ARFF (Airport Rescue and Fire Fighting)

Small airplane made crash landing in field near New Braunfels airport

ARFF Working Group - Fri, 04/13/2018 - 08:09

by SBG San Antonio

NEW BRAUNFELS, Texas – Two people were not injured after a small airplane made an emergency crash landing Thursday afternoon in a field near the New Braunfels Regional Airport.

Authorities were called to the regional airport on FM 758 at about 3 p.m. Thursday for reports of a small airplane making a crash landing in a field nearby. Emergency crews found a man and woman inside the plane that crashed at the 3000 block of Westmeyer Road in Guadalupe County.

The occupants told authorities the plane had mechanical problems during the flight. Neither person was injured in the crash, officials said.

The Texas Department of Public Safety and the National Transportation Safety Board are investigating.

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Today in History

ARFF Working Group - Fri, 04/13/2018 - 08:08

31 Years ago today: On 13 April 1987 a Burlington Air Express Boeing 707 descended into the ground while approaching Kansas City, killing all 4 occupants.

Date: Monday 13 April 1987 Time: 21:55 Type: Boeing 707-351C Operator: Burlington Air Express Registration: N144SP C/n / msn: 19209/510 First flight: 1966 Engines:Pratt & Whitney JT3D-3B Crew: Fatalities: 3 / Occupants: 3 Passengers: Fatalities: 1 / Occupants: 1 Total: Fatalities: 4 / Occupants: 4 Airplane damage: Destroyed Airplane fate: Written off (damaged beyond repair) Location: 5,5 km (3.4 mls) S of Kansas City International Airport, MO (MCI) (   United States of America) Phase: Approach (APR) Nature: Cargo Departure airport: Wichita-Mid-Continent Airport, KS (ICT/KICT), United States of America Destination airport: Kansas City International Airport, MO (MCI/KMCI), United States of America Flightnumber: 721

Buffalo Airways flight 721, a regularly scheduled cargo flight, was operating between Oklahoma City, OK, and Fort Wayne, IN (FWA), with en route stops at Wichita, KS (ICT), and Kansas City, MO (MCI). The flight to Wichita was routine. En route to Kansas City, the crew deviated from course to avoid thunderstorms, but the descent into the terminal area was routine. At 21:42 flight 721 contacted the TRACON arrival radar controller. The controller directed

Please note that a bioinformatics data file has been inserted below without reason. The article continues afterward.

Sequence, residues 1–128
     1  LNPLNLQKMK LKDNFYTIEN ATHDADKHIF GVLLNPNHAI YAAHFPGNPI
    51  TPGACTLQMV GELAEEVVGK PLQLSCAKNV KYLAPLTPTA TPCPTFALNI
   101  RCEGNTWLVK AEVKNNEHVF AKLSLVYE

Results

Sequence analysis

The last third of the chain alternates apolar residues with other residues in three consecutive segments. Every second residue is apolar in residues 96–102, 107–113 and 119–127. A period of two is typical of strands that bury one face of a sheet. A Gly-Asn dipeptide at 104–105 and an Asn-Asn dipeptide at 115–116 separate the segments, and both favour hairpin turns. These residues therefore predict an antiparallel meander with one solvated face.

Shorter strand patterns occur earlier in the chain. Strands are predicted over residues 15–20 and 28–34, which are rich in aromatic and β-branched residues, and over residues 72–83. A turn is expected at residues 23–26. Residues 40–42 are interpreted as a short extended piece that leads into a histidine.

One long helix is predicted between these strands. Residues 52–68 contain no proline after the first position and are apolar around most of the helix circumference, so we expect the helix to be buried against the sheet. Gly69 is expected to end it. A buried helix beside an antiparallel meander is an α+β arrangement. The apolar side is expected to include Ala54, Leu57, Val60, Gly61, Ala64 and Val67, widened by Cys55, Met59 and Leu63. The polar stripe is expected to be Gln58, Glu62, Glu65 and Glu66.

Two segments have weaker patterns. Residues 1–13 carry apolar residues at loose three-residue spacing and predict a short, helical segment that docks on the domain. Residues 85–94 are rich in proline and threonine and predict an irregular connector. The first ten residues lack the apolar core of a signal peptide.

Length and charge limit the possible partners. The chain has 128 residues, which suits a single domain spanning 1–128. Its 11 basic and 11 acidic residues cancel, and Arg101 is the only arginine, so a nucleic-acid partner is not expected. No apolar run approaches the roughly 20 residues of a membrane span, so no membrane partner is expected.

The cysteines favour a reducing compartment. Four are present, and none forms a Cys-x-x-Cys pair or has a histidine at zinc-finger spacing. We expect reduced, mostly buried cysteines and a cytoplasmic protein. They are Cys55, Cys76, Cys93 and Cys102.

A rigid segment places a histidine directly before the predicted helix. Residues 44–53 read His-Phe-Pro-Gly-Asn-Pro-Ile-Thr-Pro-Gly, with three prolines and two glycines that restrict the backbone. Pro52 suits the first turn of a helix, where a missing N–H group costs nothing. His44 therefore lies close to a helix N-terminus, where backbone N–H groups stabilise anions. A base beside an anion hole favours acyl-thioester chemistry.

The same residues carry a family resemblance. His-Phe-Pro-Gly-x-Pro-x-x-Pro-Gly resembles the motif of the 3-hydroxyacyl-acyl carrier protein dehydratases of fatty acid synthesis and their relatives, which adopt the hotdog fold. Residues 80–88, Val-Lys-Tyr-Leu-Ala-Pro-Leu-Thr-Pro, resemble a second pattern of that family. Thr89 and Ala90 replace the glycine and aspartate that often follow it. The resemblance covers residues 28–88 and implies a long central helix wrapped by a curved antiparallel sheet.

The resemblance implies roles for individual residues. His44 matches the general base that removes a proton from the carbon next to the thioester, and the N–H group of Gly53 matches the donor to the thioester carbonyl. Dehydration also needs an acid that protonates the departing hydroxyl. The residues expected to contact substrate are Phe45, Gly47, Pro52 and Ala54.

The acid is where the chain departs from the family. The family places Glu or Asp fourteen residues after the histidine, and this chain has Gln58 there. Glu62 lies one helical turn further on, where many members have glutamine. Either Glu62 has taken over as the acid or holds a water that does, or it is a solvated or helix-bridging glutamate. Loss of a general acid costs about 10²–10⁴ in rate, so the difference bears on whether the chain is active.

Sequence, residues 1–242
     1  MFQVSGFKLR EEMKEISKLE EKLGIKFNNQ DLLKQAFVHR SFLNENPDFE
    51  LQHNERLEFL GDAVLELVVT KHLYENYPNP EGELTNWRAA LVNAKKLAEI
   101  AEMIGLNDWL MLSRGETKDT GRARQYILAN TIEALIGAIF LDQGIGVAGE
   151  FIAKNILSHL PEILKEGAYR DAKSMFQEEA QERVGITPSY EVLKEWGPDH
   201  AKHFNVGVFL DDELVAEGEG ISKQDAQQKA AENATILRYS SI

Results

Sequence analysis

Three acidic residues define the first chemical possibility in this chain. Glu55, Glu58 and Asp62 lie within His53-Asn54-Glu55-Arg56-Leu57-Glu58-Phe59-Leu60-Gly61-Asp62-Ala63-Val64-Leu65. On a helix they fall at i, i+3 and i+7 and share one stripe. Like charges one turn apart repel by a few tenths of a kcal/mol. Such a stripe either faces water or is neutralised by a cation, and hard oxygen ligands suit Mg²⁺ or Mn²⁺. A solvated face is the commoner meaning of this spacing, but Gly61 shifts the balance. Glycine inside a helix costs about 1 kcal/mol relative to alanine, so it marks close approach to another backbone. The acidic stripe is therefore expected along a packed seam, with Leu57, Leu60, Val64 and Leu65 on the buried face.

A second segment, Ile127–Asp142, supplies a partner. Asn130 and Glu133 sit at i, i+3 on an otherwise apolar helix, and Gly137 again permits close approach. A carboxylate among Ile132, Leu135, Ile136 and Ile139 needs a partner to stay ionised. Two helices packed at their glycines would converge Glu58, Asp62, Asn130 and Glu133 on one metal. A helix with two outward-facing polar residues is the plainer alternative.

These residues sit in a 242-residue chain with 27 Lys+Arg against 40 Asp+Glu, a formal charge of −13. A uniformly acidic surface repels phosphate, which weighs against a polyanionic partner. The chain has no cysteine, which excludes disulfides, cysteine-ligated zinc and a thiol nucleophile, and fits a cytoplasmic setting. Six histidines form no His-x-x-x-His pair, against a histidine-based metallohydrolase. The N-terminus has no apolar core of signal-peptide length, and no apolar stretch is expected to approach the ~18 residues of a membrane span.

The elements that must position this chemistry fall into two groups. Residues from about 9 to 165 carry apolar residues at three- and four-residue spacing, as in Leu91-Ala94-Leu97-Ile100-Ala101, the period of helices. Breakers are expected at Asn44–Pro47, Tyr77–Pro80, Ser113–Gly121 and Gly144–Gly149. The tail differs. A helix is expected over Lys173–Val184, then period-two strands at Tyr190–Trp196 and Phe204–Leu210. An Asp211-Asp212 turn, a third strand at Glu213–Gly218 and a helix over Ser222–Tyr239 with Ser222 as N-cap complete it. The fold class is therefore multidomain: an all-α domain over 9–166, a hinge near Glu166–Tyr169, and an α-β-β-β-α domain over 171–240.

the flight to turn to 060 degrees and told the flightcrew that they were being vectored to the ILS localizer for the ILS approach to runway 1.
About 21:47 while the airplane was descending through about 6,500 feet, the first officer, who had been flying the airplane, turned the controls over to
the captain. Buffalo Airways’ regulations required captains to make all the approaches and landings whenever the ceilings and visibilities were less than 400
feet and 1 mile, respectively. At 21:50, after several intermediate descent clearances, flight 721 was cleared to descend to 2,400 feet. At 21:51, the controller told flight 721 that it was “five miles from DOTTE (the LOM), turn left zero four zero, maintain two thousand four hundred until established, cleared ILS runway one approach.” The crew had completed the before-landing checklist, the landing gear was down and locked, and the flaps had been extended to 25 degrees, as required, for landing.